“It was a town of wide extent and dense construction, yet one with a portentous dearth of visible life. From the tangle of chimney-pots scarcely a wisp of smoke came, and the three tall steeples loomed stark and unpainted against the seaward horizon. One of them was crumbling down at the top, and in that and another there were only black gaping holes where clock-dials should have been. The vast huddle of sagging gambrel roofs and peaked gables conveyed with offensive clearness the idea of wormy decay, and as we approached along the now descending road I could see that many roofs had wholly caved in…
Here and there the ruins of wharves jutted out from the shore to end in indeterminate rottenness, those farthest south seeming the most decayed. And far out to sea, despite a high tide, I glimpsed a long, black line scarcely rising above the water yet carrying a suggestion of odd latent malignancy. This, I knew, must be Devil Reef.”
No, it’s not a description of Wickenden Street — it’s the fictional town of Innsmouth, Massachusetts, from H.P Lovecraft’s short story “The Shadow Over Innsmouth.” The tale, in which the protagonist uncovers Innsmouth’s plague of murderous amphibian creatures from the sea, is regularly taken as an allegory for Lovecraft’s thinly veiled racism and xenophobia, extending particularly to issues of interracial marriage and immigration. But that’s all right, because it turns out it’s inspired a beer!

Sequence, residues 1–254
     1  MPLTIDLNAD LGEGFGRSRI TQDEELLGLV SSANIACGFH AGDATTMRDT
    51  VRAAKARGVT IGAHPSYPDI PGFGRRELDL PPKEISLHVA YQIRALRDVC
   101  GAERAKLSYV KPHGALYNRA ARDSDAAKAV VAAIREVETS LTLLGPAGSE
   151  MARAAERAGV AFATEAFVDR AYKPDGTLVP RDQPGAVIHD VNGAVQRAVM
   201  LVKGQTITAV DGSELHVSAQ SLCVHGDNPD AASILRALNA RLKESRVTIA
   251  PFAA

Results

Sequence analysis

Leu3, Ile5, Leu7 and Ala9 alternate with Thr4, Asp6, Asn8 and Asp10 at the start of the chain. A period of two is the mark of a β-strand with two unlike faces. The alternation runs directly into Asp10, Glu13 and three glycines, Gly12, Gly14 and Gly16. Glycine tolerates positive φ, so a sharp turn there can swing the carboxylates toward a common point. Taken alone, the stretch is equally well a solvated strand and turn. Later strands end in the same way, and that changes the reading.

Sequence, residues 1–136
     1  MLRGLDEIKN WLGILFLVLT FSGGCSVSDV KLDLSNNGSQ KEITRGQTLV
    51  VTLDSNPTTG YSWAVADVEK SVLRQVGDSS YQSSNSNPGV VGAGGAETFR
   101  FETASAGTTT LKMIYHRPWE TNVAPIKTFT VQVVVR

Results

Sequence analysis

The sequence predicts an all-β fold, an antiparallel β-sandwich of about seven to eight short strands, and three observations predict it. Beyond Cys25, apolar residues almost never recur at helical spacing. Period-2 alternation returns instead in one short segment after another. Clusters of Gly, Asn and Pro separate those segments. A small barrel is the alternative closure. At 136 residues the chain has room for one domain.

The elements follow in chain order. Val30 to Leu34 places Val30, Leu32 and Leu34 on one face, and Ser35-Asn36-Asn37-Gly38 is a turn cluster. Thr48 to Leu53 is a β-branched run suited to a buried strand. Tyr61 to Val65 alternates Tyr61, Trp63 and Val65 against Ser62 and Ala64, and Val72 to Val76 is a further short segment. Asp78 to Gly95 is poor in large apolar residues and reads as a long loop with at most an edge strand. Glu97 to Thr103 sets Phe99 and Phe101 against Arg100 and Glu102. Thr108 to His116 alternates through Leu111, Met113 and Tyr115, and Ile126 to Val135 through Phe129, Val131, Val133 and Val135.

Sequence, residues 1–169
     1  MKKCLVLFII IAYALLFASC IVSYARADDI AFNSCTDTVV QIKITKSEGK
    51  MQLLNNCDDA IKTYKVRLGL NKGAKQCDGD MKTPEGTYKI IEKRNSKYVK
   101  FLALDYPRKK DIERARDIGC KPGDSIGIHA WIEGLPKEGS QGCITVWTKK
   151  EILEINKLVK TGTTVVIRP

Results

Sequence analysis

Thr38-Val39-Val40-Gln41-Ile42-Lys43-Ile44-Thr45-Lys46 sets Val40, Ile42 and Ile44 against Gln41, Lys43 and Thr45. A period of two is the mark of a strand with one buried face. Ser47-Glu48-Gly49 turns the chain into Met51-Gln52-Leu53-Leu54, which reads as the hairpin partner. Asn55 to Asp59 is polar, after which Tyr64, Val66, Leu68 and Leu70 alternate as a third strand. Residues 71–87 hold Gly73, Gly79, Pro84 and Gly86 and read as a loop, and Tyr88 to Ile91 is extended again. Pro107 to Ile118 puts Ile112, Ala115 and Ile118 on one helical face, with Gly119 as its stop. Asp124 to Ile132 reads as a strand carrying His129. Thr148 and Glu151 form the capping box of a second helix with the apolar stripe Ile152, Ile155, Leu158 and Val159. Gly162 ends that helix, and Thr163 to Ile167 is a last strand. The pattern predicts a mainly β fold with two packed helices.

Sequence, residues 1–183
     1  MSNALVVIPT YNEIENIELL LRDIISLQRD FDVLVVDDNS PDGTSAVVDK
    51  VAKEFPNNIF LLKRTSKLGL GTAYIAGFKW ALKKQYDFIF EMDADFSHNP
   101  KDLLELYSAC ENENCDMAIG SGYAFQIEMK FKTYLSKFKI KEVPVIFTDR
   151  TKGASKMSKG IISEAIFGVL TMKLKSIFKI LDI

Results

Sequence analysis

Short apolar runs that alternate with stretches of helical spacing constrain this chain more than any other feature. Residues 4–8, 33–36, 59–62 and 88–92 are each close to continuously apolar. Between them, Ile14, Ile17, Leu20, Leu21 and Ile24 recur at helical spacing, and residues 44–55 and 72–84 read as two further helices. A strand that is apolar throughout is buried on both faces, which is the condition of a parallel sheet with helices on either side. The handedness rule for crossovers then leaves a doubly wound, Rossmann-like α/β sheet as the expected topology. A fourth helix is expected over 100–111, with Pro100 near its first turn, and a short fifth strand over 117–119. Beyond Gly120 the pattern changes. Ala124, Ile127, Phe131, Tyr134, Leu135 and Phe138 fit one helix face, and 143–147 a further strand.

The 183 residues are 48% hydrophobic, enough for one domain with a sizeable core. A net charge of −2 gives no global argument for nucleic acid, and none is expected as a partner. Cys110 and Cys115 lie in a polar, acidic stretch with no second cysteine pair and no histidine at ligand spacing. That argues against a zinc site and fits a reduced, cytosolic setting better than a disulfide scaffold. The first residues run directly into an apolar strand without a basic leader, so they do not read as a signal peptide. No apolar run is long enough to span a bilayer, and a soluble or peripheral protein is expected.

Lovecraft, often called the “Father of Modern Horror,” was born in Providence and spent much of his life here. The ‘Innsmouth Olde Ale’ is the second in the Narragansett Brewing Company’s line of H.P Lovecraft-themed beer, the first of which — the ‘Honey Ale’ — was released in January. The Honey Ale has been off the shelves for some time now, but was recently replaced by the Innsmouth themed brew in liquor stores throughout Rhode Island (and presumably the rest of New England). The line of beers feature artwork from local artists on the cans.
Thus, they’re worth a try, bitter taste of the late author’s rampant intolerance notwithstanding. Where the Honey Ale was “backboned by the combination of five pale malts, open[ing] up with a hint of honey sweetness, then turn[ing] with a herbal hop crescendo and a smooth finish“– according to the Narragansett website — the Olde Ale “draws its balanced, robust, and slightly toasted features from a complex blend of Two-Row Pale, Crystal, Cara, Dark Munich, and Chocolate malts, Chocolate rye and finishes with just a touch of Summer and East Kent Goldings hops.”
Narragansett has yet to announce the name of their next Lovecraft-themed beer — ‘Cthulu’s Urine’ seems probable — but in the meantime, local stores will be selling 16 oz tall boys (at 7% ABV, these can be dangerous, so drink responsibly).